(1.) In the other world they will be never the better for all the wealth and prosperity they are now so fond of. It is a miserable portion, which will not last so long as they must (Ps. 49:17): When he dies it is taken for granted that he goes into another world himself, but he shall carry nothing away with him of all that which he has been so long heaping up. The greatest and wealthiest cannot therefore be the happiest, because they are never the better for their living in this world; as they came naked into it, they shall go naked out of it. But those have something to show in the other world for their living in this world who can say, through grace, that though they came corrupt, and sinful, and spiritually naked, into it, they go renewed, and sanctified, and well clothed with the righteousness of Christ, out of it. Those that are rich in the graces and comforts of the Spirit have something which, when they die, they shall carry away with them, something which death cannot strip them of, nay, which death will be the improvement of; but, as for worldly possessions, as we brought nothing into the world (what we have we had from others), so it is certain that we shall carry nothing out, but leave it to others, 1 Tim. 6:7. They shall descend, but their glory, that which they called and counted their glory, and gloried in, shall not descend after them to lessen the disgrace of death and the grave, to bring them off in the judgment, or abate the torments of hell. Grace is glory that will ascend with us, but no earthly glory will descend after us.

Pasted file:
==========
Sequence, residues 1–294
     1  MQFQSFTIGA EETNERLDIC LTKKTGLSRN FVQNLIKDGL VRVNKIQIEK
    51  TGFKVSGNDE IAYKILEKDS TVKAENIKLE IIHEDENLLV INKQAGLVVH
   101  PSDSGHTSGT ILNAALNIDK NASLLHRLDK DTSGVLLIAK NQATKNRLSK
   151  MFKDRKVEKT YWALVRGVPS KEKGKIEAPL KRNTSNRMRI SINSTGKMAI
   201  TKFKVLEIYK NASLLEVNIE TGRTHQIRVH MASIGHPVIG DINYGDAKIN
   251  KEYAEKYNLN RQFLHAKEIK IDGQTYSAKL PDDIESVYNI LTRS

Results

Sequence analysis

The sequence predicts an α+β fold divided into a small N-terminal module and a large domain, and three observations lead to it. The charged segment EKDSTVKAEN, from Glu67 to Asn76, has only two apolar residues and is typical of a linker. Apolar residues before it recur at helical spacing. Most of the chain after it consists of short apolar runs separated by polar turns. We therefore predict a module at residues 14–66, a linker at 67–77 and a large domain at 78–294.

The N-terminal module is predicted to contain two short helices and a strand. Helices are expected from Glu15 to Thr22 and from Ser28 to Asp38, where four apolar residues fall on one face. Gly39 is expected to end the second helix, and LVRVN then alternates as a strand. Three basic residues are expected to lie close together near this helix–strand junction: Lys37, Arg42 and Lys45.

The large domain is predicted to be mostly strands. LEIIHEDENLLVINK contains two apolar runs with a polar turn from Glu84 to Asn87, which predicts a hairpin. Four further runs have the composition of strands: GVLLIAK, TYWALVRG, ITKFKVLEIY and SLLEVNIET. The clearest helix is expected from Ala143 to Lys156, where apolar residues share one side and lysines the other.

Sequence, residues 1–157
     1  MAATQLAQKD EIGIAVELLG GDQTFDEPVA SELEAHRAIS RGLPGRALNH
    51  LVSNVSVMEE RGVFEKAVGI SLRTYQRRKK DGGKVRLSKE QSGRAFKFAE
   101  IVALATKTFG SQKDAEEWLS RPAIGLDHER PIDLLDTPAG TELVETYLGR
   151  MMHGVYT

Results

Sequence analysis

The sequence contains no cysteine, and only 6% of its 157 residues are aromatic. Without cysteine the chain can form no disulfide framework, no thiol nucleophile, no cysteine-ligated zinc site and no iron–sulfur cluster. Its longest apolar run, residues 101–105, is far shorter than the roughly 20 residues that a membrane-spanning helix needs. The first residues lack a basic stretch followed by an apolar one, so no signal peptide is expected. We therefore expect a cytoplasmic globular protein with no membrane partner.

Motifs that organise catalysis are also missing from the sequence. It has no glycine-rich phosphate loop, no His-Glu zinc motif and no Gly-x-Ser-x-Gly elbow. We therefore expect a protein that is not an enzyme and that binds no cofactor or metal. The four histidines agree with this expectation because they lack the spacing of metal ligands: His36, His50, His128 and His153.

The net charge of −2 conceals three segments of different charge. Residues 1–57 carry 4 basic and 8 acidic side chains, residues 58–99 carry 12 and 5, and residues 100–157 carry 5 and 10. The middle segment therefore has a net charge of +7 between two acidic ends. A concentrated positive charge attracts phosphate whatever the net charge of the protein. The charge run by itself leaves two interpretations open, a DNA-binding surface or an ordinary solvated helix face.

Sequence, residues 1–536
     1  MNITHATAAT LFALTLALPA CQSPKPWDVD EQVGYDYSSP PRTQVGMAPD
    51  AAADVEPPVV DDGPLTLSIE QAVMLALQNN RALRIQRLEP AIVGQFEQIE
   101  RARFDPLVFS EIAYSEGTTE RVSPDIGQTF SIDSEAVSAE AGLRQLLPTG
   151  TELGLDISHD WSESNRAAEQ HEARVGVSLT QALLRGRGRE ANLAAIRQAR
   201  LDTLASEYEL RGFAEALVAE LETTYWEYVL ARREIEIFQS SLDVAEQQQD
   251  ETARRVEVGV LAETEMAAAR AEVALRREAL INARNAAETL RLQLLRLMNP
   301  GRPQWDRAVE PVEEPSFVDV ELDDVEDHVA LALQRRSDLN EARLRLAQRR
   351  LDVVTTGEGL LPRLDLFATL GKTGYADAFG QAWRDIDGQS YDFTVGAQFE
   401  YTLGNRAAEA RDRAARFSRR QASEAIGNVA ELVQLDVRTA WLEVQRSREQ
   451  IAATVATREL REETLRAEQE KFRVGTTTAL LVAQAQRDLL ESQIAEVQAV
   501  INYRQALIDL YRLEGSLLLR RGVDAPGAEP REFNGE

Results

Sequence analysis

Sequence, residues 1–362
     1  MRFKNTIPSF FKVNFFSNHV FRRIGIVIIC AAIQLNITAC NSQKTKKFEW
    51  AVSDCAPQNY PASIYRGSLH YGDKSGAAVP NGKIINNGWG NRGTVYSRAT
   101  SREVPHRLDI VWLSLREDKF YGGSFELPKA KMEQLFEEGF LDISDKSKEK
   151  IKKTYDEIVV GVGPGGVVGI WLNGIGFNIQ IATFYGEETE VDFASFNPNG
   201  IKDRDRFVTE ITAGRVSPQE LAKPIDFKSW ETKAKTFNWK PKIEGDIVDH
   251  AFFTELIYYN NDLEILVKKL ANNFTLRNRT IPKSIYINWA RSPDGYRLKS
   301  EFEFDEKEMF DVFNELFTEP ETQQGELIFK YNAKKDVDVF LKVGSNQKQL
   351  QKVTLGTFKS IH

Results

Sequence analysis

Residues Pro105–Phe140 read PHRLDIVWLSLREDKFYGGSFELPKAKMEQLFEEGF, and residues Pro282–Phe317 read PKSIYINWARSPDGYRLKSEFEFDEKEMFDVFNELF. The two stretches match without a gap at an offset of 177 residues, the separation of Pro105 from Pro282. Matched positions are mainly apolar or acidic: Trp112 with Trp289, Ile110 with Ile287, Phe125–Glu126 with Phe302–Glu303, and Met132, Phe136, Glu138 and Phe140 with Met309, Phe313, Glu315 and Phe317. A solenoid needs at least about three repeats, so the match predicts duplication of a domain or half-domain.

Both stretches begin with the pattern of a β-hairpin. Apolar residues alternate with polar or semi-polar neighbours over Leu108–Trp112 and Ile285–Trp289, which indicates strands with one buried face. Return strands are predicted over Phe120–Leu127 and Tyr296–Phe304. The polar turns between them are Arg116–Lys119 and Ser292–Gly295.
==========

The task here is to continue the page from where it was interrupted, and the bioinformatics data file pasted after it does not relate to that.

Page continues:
(2.) In the other world they will be infinitely the worse for all their abuses of the wealth and prosperity they enjoyed in this world (Ps. 49:19): The soul shall go to the generation of his fathers, his worldly wicked fathers, whose sayings he approved and whose steps he trod in, his fathers who would not hearken to the word of God, Zech. 1:4. He shall go to be there where they are that shall never see light, shall never have the least glimpse of comfort and joy, being condemned to utter darkness. Be not afraid then of the pomp and power of wicked people; for the end of the man that is in honour, if he be not wise and good, will be miserable; if he understand not, he is to be pitied rather than envied. A fool, a wicked man, in honour, is really as despicable an animal as any under the sun; he is like the beasts that perish (Ps. 49:20); nay, it is better to be a beast than to be a man that makes himself like a beast. Men in honour that understand, that know and do their duty and make conscience of it, are as gods, and children of the Most High. But men in honour that understand not, that are proud, and sensual, and oppressive, are as beasts, and they shall perish, like the beasts, ingloriously as to this world, though not, like the beasts, indemnified as to another world. Let prosperous sinners therefore be afraid for themselves, but let not even suffering saints be afraid of them.